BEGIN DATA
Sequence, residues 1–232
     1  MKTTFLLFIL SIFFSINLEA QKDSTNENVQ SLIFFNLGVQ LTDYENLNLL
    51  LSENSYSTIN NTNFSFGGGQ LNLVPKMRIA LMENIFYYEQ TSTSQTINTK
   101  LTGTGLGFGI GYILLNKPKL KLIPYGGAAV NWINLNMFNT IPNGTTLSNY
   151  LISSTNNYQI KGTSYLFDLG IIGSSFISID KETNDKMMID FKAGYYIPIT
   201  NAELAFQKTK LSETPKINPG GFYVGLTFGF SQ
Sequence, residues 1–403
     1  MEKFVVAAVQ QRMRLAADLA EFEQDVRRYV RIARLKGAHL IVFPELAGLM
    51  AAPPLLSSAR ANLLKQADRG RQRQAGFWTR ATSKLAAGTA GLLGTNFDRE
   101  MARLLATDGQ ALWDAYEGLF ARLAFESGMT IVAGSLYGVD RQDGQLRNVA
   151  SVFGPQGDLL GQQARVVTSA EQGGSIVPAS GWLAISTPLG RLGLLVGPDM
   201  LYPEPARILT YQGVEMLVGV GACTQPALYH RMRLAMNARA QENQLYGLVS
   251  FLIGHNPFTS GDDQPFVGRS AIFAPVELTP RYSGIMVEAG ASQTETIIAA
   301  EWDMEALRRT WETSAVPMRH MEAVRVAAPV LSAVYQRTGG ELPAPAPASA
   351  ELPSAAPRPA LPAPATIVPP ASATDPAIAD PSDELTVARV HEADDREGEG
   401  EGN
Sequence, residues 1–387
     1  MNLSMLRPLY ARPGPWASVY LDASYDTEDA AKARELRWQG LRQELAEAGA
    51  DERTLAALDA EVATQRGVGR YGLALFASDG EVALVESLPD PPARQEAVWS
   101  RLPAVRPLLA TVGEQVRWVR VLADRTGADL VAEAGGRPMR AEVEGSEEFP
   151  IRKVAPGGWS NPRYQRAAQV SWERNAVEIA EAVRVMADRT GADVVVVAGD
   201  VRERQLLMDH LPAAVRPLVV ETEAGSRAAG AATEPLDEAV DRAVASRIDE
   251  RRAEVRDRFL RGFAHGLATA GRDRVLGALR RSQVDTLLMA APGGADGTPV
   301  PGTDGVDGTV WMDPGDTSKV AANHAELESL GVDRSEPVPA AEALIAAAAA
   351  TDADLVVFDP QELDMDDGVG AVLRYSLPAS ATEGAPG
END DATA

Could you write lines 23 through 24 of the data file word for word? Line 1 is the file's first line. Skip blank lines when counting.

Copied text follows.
   251  RRAEVRDRFL RGFAHGLATA GRDRVLGALR RSQVDTLLMA APGGADGTPV
   301  PGTDGVDGTV WMDPGDTSKV AANHAELESL GVDRSEPVPA AEALIAAAAA